Sunday, April 22, 2012

Drama, Mystery, and Oomph


Evening Palms, 16 x 12 inches, oil on linen

I continue to work on my cityscapes, pushing abstraction and trying to make sense of my processes.

This particular painting is a good example of a "single color theme" structure. The driving factor behind color decisions is that I have a subjective color (yellow) predominating everything.

See, it's basically a monochromatic painting, with just a little bit of local colors thrown in. I start off with a transparent brownish underpainting, and then develop an opaque yellow (more or less) monochromatic painting, sticking to the value structure established in the underpainting.

Only after I have a good  opaque single-color (single "hue" might be more accurate) painting, I start to work in the local colors, taking care to keep the harmonies super tight so as to not fragment the color structure. The red tail lights can be a little more saturated because they're their own light source, and not nearly as affected by the yellow light.

Unlike the more colorful high-key impressionist approach, there is very little temperature shifts between light and shadow of the same surface. (except in the extreme foreground)  In fact, this is key. If I push the temperature shifts to the point I can easily discern the hue changes from light to shadow, I no longer have a tonalist painting. Not to say one is better than the other, but it's a completely different system and it's best not to mix the two.

What we do have at our disposal is the ability to use, and get away with, very dark shadows. In a color-filled high key painting, shadows have to be much lighter in value in order to accommodate more saturated color. (They're illuminated by ambient and bounced light, which means they can't be all that dark)

Where saturated colors and color contrasts are missing in a tonal painting, we can use dark values to give the painting some drama, mystery, and oomph.
"Oh but so-and-so does both in one painting", you might say. or "I like to have both drama and bright colors in the shadows".  Great! I'm not stopping ya~



15 comments:

  1. This is a very beautiful piece. I do love the monochromatic one color scheme. Lovely idea I think. It would be good practice for me to try this. Thank you Terry.

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  2. Very effective painting and very well explained. I like the idea of a tonalist painting with a minimum amount of local color. Really appealing.

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  3. This is pure awesomeness. Just cant have enough of this one. Loved it the moment I saw it on facebook too. Thank you so much for sharing the logic behind this masterpiece.
    Best wishes,

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  4. Thanks Randy~ yes yes try it. It doesn't hurt that much :-D

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  5. Thanks Carol~ Sometimes it works, sometimes it doesn't. This one, happily, did.

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  6. Thanks again Vinayak~ If you like this one, there's more to come!

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  7. Thanks for sharing your knowledge, I've started using this method too (but then mess it up by adding to much color and detail, oh well.)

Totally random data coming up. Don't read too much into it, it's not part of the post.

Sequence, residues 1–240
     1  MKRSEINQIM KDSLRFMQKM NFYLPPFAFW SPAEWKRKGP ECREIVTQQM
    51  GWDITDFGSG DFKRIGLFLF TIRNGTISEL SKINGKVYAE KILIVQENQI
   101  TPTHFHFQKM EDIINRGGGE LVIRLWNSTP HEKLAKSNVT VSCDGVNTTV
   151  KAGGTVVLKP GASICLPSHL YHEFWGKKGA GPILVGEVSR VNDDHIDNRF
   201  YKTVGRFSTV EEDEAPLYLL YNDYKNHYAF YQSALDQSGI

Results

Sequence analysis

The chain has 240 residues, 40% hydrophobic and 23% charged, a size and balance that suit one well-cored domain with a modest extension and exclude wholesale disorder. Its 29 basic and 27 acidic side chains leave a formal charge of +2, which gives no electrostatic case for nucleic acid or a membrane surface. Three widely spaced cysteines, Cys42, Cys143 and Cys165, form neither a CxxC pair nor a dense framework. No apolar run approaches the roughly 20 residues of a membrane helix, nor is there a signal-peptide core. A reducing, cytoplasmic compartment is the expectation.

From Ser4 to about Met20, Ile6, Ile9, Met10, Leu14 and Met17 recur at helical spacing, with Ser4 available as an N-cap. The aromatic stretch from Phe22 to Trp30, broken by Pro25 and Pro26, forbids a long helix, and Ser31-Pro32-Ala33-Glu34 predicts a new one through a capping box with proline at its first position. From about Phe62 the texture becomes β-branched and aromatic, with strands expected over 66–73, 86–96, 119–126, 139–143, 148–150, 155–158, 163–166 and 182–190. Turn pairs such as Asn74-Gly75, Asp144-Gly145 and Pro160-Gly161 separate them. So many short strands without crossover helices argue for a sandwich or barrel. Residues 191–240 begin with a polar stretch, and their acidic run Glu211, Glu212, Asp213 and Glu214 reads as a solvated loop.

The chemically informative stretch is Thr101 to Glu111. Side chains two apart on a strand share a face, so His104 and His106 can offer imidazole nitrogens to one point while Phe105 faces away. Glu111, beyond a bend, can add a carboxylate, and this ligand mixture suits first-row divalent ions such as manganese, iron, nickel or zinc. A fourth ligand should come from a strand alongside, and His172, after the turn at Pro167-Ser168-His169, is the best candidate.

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  8. thank you. i've had to think while reading this. very good.
    do you tone the whole canvas first before sketching in?
    kinda like the antique setting on iphoto. .. well..kinda.

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  9. Great painting. I do something similar with my still life work. Love your work!

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  10. Bibi, thanks. I hear ya about too much color and detail. It never seems to get easier.

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  11. Thanks mel, I sometimes tone the canvas, sometimes not. This particular painting was not, but I don't have a particular reason for the decision not to. It was just whim.

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  12. Thanks Kimberly~ I don't do still life but yeah, I can imagine this would work very well with interior stuff.

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  13. Thanks Terry for sharing this approach; can't wait to try it. Are you painting predomintantly wet over wet or wet over dry as your layers progress?

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  14. Thanks Michael, I prefer wet on wet, but with a large painting that's not always possible so I do paint wet over dry also.

    Each time I come back to a new session with the canvas, the previous layer is dry. I brush Liquin over the entire surface, not so much to fake a wet surface, but to bring back the dark values. I then go on to pretty much repaint the whole thing, so I'm painting wet on wet, over a dried painting. I repeat this as many times as necessary.

    The second half of the process becomes increasingly focused on abstraction and surface work, and the wet on wet vs wet on dry issue becomes less and less relevant, because I'm not looking to model forms at that point.

    I hope that made sense LOL

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  15. Love this one Terry, Belle ambiance .

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